... So let’s evaluate the energy requirements to make that journey at freeway speeds. We will use the somewhat awkward (although appropriate) speed of 67 m.p.h. because it conveniently maps to 30 meters per second. At these speeds, aerodynamic resistance is the dominant energy drain, so we will start by evaluating only this to get a lower bound on fuel efficiency, and find that we do a pretty good job! ... Putting these together, a tragically un-aerodynamic car would see a drain of energy of Edrag=½(ρAD)v², where the term in parentheses is the mass of the air involved. A real car has better aerodynamic performance than a piece of plywood, so we include a term called the drag coefficient, cD, and the energy expended on fighting air for the journey becomes Edrag=½cDρADv². The drag coefficient for cars ranges from 0.25 for a Prius to numbers like 0.5–0.6 for SUVs and pickup trucks. Loads of sedans come in around cD=0.3, so we’ll use that number for the present analysis. ... A more practical set of limits given our behavioral and aesthetic preferences might be A=2.5 m², cD=0.2, and 30% engine efficiency. This puts us at 84 MPG. Not a bad place to be, but shy of the magic 100 MPG. And even this is not a snap: note that we are nowhere close to this mark at present. How does the Prius today get a fuel economy in the low 50′s? The drag coefficient is on the low side, at 0.25. The area is small-ish—I estimate 2.5 m², and the big trick is that the engine can be optimized for freeway speeds since the battery can assist acceleration at lower speeds. Traditional cars sacrifice freeway efficiency for the get-up-and-go performance that is so important in test drives. If I use 25% engine efficiency with the aforementioned values, I get 56 MPG. ... We have so far neglected rolling resistance (mainly from tires) in this analysis, primarily to keep things simple while capturing the dominant contributor to fuel economy at freeway speeds. At a rolling friction coefficient of 0.01, a 1 ton car (1000 kg; 10,000 Newtons) requires 100 Newtons of force to push along—independent of velocity. This effect alone (e.g., driving in a vacuum) would result in a limit of 160 MPG at a 20% engine efficiency. At 30 m/s (67 m.p.h.) in air, factoring in rolling resistance: ... and our “realistic” 84 MPG car now gets 63 MPG. ...Conclusion So you can plug whatever figures you like into the equation. You can factor in transmissions and differentials and air conditioning and lighting. But the important point is, barring fantastic efficiency improvements to ICEs, don't hold your breath, some number between 60 and 100 mpg is probably the best fleet average we will ever achieve in consumer vehicles at highway speeds. The limit would be higher for small unusual vehicles like a single-seat recumbent faired motorcycle, and there are impractical vehicles like the solar racers and electrathons that have low drag. As a sidebar aircraft get much worse mileage due to increased speeds. Flying magazine says some famously efficient 4 place Mooneys get around 18 mpg and smaller slower planes a little bit better. Long distance powered sailplanes can get very high mpgs.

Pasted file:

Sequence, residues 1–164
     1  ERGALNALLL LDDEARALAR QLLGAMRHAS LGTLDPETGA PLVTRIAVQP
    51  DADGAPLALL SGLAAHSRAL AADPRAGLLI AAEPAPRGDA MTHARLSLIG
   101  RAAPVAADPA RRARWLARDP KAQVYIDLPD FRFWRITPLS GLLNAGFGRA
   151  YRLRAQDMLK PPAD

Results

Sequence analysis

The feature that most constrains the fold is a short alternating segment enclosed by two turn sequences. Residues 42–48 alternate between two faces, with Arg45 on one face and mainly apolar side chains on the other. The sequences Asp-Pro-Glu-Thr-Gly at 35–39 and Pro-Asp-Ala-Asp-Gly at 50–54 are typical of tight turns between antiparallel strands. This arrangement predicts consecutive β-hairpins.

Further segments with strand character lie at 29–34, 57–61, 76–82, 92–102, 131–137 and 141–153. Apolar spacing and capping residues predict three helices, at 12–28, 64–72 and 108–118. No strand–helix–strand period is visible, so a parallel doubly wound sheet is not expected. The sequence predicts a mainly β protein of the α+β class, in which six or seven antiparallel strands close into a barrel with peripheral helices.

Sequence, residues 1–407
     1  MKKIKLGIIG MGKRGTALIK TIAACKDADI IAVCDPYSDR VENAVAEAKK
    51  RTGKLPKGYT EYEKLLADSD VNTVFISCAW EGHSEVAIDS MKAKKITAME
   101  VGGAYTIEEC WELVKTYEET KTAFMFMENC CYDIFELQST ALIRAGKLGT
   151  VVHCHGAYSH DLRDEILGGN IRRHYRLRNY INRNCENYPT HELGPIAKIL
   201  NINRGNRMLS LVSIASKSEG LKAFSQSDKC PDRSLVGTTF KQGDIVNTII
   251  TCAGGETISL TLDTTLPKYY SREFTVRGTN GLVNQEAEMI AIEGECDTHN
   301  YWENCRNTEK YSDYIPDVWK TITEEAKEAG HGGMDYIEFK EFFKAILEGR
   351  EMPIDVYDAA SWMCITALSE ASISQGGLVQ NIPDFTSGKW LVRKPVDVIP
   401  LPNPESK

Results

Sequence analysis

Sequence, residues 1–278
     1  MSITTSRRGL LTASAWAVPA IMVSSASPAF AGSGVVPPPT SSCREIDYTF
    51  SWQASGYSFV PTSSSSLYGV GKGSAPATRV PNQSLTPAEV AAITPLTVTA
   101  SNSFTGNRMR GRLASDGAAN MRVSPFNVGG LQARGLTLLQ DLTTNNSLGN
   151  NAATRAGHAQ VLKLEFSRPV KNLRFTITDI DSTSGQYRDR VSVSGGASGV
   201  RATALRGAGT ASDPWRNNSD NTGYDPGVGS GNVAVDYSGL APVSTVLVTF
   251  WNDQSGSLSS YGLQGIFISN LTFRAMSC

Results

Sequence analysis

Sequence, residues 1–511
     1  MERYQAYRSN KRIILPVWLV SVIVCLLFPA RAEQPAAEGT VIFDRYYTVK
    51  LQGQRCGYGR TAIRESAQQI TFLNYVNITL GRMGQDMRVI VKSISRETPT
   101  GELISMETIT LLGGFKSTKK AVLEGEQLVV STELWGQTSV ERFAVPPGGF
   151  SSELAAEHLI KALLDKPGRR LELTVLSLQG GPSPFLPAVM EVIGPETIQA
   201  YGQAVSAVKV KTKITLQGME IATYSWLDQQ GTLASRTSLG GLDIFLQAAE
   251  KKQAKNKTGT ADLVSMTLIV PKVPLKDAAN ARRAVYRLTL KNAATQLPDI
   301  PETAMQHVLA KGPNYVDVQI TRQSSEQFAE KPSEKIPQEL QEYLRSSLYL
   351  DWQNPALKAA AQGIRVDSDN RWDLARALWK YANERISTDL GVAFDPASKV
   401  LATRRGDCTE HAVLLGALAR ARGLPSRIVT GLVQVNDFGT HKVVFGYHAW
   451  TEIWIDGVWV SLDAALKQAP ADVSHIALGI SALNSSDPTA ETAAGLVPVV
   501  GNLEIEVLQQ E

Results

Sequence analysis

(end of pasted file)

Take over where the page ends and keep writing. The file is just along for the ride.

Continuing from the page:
In making policy and predicting market strategy, and the doomer in me says, in preparation for collapse, we need to know what the absolute limits are on personal transportation efficiency. That is, the limits which no amount of engineering can pass. Here is a post on an interesting blog, that captures the rough data for limits to efficiency for highway driving on gasoline. Unfortunately, most of the comments are not interesting, and miss the point of how these limits are absolute. The actual values produced depend on how fast and how slippery and how efficient you think engines can be. Partial quoting from Do The Math: